Maybe you should talk to someone — Book Review

Fitzgerald Afful
Amateur Book Reviews
3 min readJul 19, 2019

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Written by Lori Gottlieb and divided into 4 main parts, Maybe you should talk to someone is a memoir of Lori’s patients (or clients if you may), their growth from the beginning of therapy to what she calls “termination” tied to her therapy with her own therapist and her growth. Beautifully written with such a cinematic feel, this is definitely my favorite book of 2019, yet.

Aside Lori herself, there are 5 main characters: John, who is a self-absorbed asshole, who comes to learn that he’s hiding traumatic pain, and calling everyone an idiot is a mask to keep his feelings buried deep. Julie is a funny young professional with a terminal illness but does not want that to deter her from living a full life. Charlotte struggles with very poor relationship choices and Rita is an older woman whose lonely past is preventing her from forming relationships and being happy. The last character is Wendell, Lori’s therapist who bares her open just like she does her patients.

“And then Margo gets angry — can you believe it?” he’s saying. “But she doesn’t tell me she’s angry. She just acts angry, and I’m supposed to ask her what’s wrong. But I know if I ask, she’ll say, ‘Nothing,’ the first three times, and then maybe the fourth or fifth time she’ll say, ‘You know what’s wrong,’ and I’ll say, ‘No, I don’t, or I wouldn’t be asking! ’”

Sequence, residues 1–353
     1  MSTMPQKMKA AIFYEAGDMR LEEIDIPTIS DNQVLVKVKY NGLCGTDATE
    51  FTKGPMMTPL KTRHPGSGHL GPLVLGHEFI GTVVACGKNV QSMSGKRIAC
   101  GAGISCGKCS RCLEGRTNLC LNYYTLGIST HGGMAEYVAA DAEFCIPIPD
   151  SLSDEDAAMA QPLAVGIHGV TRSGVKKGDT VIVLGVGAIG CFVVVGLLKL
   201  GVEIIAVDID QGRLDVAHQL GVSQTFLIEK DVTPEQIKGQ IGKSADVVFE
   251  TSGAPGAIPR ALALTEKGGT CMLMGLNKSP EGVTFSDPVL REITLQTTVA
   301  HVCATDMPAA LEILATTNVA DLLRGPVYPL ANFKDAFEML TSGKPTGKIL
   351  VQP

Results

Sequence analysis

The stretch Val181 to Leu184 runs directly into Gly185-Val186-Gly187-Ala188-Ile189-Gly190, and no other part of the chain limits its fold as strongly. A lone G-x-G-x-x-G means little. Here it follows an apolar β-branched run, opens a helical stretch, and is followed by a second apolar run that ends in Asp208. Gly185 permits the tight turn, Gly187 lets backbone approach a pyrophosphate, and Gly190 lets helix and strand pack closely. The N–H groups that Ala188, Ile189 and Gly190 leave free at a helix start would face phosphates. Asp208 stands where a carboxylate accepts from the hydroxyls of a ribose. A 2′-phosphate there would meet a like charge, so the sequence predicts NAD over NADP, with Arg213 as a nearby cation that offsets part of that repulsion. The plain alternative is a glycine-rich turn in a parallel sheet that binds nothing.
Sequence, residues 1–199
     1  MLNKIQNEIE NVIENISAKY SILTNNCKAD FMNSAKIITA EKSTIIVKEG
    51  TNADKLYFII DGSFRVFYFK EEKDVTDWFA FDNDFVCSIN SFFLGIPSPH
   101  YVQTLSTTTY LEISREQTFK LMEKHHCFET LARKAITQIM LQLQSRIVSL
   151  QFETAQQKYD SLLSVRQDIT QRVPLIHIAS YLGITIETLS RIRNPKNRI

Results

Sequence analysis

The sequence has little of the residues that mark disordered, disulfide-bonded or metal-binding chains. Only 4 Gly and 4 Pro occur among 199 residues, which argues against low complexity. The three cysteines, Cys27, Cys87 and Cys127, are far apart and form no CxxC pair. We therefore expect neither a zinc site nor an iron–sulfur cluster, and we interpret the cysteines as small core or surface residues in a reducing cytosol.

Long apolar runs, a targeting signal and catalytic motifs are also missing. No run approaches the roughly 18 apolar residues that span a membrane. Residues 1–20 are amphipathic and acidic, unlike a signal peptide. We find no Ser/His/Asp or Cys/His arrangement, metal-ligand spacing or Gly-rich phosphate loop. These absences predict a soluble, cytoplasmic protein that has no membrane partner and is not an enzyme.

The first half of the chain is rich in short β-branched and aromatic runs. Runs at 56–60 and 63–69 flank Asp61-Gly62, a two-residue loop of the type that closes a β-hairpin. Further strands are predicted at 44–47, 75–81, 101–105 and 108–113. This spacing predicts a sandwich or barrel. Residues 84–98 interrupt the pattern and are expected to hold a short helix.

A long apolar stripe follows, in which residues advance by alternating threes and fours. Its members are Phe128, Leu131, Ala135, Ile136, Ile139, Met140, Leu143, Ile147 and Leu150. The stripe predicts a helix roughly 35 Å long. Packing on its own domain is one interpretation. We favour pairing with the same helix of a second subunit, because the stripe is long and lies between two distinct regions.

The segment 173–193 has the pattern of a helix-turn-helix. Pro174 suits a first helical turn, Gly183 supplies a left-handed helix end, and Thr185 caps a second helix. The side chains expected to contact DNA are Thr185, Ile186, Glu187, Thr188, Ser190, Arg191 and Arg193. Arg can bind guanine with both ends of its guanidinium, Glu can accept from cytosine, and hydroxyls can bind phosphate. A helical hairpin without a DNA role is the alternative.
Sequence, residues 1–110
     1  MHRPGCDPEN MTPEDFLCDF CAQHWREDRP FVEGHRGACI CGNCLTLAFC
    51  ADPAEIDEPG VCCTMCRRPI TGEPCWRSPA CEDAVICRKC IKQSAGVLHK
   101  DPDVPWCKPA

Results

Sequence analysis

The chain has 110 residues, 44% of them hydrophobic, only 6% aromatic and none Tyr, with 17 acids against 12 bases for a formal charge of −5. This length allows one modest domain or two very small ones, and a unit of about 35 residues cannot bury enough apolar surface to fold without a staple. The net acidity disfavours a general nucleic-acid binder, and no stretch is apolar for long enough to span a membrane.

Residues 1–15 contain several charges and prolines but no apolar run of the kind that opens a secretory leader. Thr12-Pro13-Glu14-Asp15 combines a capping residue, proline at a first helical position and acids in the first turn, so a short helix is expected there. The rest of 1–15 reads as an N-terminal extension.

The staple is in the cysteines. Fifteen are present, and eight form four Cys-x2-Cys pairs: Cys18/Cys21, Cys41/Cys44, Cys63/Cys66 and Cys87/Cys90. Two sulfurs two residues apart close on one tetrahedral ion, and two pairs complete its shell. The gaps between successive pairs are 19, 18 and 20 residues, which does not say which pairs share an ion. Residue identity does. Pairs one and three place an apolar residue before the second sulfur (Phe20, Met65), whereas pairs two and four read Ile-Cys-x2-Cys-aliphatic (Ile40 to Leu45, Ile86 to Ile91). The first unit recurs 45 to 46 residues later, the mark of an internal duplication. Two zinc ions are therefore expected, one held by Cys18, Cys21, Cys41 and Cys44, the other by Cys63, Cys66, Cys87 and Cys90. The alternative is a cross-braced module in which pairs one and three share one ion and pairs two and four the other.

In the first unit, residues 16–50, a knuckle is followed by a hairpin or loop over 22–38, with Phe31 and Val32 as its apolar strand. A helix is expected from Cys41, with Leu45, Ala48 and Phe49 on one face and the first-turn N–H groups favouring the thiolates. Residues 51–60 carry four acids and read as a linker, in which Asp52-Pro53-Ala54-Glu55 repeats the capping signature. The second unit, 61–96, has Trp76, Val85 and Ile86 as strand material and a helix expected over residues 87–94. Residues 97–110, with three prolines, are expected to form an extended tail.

Starting almost every chapter with her chart note on a patient, you get the background to the problem before she gradually builds up from there following her very interesting patients and their journeys through developing a therapeutic relationship, and the slow progress of healing. These are heartbreaking, sad, but also funny stories, with a message of hope: that we can all fix ourselves, even if we sometimes need guidance.

At various points, it feels very vulnerable, final chapters especially: like a very long episode of the depressing TV show ‘This is Us’ (even more coincidental that one of the characters there works in TV).

And even though I have never been to a therapist, the stories are so relatable. Lori once in a while gives you a view into her job when she describes some of the stress she goes through with patients including how to act when you see them outside sessions, even goes on to share the challenges of clients who don’t want to change. She does a good job of accepting that though she recognizes some of the techniques Wendell uses on her as those she regularly uses on her patients, she has no antidote for them and cannot stop her emotions from being laid bare.

“I watch John for his reaction. He takes a breath and seems like he’s about to say something flip but then decides not to. He’s quiet for a minute, gazing at Rosie, who has fallen asleep.

“Yeah,” he says. “I do act like an asshole.” Then he smiles and adds, “Sometimes.”

It’s incredibly nice to see how most stories or in this case, patients’ sessions finally end in self-realization and contentment even if the author fails to acknowledge the latter or tries to counter it with the future’s uncertainty.

I definitely recommend.

Best Parts: Sessions with John

Worst Parts: N/A

Favorite Quote: “Yeah,” he says. “I do act like an asshole.” Then he smiles and adds, “Sometimes.” — John

Rating: 4.75 / 5 stars

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Fitzgerald Afful
Amateur Book Reviews

Book reviews, flash fiction and random rants about iOS Eng. Portfolio: fitzafful.github.io